The method by which we came to understand all of this about Hagu was great, too: we’ve never before had a Hagu internal monologue. She normally does not receive much in the way of dialogue, so this was a much needed insight into her character. I love Hagu when she’s looking mature, because it lends a much deserved seriousness to her. She’s a somewhat tragic figure, and you can’t help but feel for her.
With a Morita voice over, this show will be complete.

The ideas of this episode are disparate, yet when the characters can all rally around one idea (which somehow transplanted itself across to Morita and Mayama, who were not present), they are as one. Honey & Clover continues to rock because there are parts of it that I can identify with, and the story is well told besides.


  1. Actually, there was a slight hint as to what Morita does to get all that money in the first season in the hot spring episode. The hint is where he was able to duplicate a piece they wreak with soy sauce in a matter of minutes. That could very well imply that either he’s very talented, or his side occupation is as a professional art replicator. Actually, it takes talent to do that too. Fine art cannot be photo copied, which means if you’re good at making very realistic replicas by hand, then you can get paid handsomely in a short amount of time. However, something like this is purely by commission only and many times not very legit, which is probably why they never elaborate on it.

    That has been my ongoing hypothesis as to the massive money flow, at least.

    Comment by weirdofu — August 10, 2006 #

  2. excellent summary and analysis. the only point where i’d disagree would be regarding Takemoto.

    i don’t think the episode saw him being stagnant and lost – the opposite in fact. in series 1, he was always unable to finish his graduation project: it was too big for him to get his head around, too momentous to step back from. however, as we see in the episode, having completed a task – riding to the end of Japan – which other ppl thought was momentous, he now knows how to approach his graduation project: one step at a time, left, right, left, right.

    he had been concerned in series 1 that he hadn’t done anything, that he wasn’t going to leave a mark on the world – but now, having completed his ride, he’s realised that the way to complete momentous things is to focus on the process, not be intimdated by the end product (or lack thereof).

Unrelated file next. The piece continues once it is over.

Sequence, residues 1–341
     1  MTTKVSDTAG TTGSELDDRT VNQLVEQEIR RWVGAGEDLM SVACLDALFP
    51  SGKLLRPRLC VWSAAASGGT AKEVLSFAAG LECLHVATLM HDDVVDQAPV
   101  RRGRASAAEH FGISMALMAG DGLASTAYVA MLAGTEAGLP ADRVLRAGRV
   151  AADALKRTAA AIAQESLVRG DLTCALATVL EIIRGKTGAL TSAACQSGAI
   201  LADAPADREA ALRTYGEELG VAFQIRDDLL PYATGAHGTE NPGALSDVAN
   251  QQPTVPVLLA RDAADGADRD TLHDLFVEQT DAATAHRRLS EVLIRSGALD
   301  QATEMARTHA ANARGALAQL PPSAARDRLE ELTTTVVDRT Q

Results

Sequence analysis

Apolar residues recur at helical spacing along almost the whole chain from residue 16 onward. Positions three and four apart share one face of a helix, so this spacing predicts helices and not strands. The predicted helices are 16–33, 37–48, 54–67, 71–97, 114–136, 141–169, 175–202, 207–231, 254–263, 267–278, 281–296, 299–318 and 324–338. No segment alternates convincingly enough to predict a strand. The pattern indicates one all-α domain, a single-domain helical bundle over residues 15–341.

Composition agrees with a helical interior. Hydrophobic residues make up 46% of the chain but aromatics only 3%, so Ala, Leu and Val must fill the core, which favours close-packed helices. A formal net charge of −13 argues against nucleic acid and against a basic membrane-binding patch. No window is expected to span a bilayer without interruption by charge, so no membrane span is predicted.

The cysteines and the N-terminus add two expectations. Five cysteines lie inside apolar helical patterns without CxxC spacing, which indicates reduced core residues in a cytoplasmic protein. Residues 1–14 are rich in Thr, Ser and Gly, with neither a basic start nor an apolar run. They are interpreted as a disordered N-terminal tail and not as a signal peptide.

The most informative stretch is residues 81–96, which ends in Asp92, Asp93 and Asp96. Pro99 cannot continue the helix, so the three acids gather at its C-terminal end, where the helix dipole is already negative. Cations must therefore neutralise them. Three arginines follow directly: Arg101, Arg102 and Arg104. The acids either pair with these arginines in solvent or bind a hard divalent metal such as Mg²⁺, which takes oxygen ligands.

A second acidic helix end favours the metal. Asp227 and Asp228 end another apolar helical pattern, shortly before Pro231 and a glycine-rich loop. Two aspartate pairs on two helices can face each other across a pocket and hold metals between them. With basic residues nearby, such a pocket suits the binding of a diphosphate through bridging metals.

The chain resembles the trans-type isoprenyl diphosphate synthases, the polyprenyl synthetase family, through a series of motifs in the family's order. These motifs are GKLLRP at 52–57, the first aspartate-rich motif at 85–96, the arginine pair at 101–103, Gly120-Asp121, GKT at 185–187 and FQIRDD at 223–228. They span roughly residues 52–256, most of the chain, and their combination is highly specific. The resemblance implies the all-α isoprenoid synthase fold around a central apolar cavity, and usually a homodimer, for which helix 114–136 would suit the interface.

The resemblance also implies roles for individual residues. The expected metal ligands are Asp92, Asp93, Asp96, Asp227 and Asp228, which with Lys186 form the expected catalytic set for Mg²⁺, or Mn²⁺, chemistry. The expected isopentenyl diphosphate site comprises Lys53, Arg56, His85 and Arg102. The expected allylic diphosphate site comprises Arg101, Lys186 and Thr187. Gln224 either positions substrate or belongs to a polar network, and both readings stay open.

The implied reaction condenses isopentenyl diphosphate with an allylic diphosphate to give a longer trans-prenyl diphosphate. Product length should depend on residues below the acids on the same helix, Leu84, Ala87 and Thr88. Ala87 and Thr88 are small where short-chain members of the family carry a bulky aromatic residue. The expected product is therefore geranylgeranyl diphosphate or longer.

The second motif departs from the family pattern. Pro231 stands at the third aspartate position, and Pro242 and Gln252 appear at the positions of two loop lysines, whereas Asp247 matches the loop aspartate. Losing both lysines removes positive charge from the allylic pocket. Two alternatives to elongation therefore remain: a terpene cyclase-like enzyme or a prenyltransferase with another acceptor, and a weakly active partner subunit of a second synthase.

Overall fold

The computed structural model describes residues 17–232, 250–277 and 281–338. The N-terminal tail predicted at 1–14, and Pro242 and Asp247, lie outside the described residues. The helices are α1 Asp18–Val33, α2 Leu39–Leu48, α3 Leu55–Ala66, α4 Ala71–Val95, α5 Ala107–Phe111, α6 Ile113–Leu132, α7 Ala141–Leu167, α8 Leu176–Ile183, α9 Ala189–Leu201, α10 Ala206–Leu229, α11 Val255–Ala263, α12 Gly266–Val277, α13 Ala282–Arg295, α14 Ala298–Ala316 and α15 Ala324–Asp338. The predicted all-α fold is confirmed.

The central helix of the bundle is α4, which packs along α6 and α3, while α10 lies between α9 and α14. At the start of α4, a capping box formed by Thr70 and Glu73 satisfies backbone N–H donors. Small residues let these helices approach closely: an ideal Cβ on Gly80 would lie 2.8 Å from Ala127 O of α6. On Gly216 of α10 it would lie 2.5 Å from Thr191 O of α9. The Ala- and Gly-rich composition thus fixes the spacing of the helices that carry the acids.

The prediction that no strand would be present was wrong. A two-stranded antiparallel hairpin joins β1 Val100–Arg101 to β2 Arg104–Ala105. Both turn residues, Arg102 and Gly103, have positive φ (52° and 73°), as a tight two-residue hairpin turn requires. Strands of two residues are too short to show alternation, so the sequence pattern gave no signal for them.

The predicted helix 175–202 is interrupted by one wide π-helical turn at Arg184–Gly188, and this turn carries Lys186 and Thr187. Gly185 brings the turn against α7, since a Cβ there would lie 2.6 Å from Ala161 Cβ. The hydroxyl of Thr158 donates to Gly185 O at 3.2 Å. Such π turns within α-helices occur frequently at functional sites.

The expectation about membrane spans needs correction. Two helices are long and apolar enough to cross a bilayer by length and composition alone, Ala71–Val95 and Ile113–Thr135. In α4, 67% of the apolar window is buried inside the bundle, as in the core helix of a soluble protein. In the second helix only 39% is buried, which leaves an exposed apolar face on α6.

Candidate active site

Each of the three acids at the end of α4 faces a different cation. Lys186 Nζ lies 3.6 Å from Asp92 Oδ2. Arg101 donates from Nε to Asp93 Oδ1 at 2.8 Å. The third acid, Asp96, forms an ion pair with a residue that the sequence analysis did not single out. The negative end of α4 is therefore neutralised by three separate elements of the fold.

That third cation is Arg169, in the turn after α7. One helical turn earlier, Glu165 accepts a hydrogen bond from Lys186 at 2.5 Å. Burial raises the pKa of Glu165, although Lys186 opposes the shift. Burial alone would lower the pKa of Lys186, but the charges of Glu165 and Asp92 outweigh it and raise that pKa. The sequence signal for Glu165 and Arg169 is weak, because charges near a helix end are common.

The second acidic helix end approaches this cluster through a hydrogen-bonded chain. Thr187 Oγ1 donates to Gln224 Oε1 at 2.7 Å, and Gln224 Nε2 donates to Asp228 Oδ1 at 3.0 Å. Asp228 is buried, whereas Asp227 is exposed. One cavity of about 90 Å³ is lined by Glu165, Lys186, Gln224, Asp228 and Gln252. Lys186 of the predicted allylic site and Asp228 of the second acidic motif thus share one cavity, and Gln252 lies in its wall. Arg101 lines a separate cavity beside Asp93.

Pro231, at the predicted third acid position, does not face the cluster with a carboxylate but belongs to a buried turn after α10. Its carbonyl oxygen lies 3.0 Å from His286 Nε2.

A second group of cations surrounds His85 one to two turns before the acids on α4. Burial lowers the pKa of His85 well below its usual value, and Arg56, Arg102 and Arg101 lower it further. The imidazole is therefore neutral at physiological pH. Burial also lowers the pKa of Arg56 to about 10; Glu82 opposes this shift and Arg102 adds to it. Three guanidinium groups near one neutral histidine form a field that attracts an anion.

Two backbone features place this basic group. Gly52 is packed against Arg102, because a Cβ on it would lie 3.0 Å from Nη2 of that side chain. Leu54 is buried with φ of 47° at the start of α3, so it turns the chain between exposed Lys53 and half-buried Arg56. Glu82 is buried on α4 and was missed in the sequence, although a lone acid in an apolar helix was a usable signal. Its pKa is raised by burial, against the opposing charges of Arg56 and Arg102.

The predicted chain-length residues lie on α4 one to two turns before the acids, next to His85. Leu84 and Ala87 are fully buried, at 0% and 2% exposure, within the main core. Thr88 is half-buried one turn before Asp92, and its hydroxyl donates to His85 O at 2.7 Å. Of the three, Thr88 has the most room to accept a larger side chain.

which was why we saw him making real progress on his graduation project: he had worked out a way to complete it – by seeing it as another long, endless task, just like his completed bike-ride.

    but i agree that he’s the clear candidate to provide Hagu with the support she’s craving. we just have to wait fr Hagu-chan to realise this as well…

    Comment by sean — August 11, 2006 #

  3. Ah, the problem is this – Hagu has two choices; the choice who can challenge and inspire her (Morita), and the one who can support her and provide for her emotionally (Takemoto) in a manner similar to Shuuji. She seems to like Morita more, as witnessed by the way she got flustered about him in Season 1, but Takemoto was there for her when Morita wasn’t… well, up till the end when he’d run off on his bike ride.

    That’s the problem – she doesn’t really seem to see Takemoto as a possible partner, the way Morita may be – he can’t push her as an artist to excel, merely encourage her and keep her going along her current path. Takemoto may be able to help her achieve her goals… maybe. Morita probably could, but he’s keeping himself distant from everyone – just witness the way he buggers off or starts acting the part of a jester the moment things get too personal.

    Comment by Haesslich — August 11, 2006 #

  4. Morita. Definitely Morita.

    We do have some other clues on how he makes money – working for George Lucas, on at least one occasion. Basically, he seems to be preternaturally skilled at anything he turns his hand to, and willing to work long hours and spend the absolute minimum, even to nearly starving. The combination offers all kinds of ways for him to make money.

    Comment by HC — August 11, 2006 #

  5. Sean: I concur with you and no longer know what I was thinking.

    Comment by Alex — August 15, 2006 #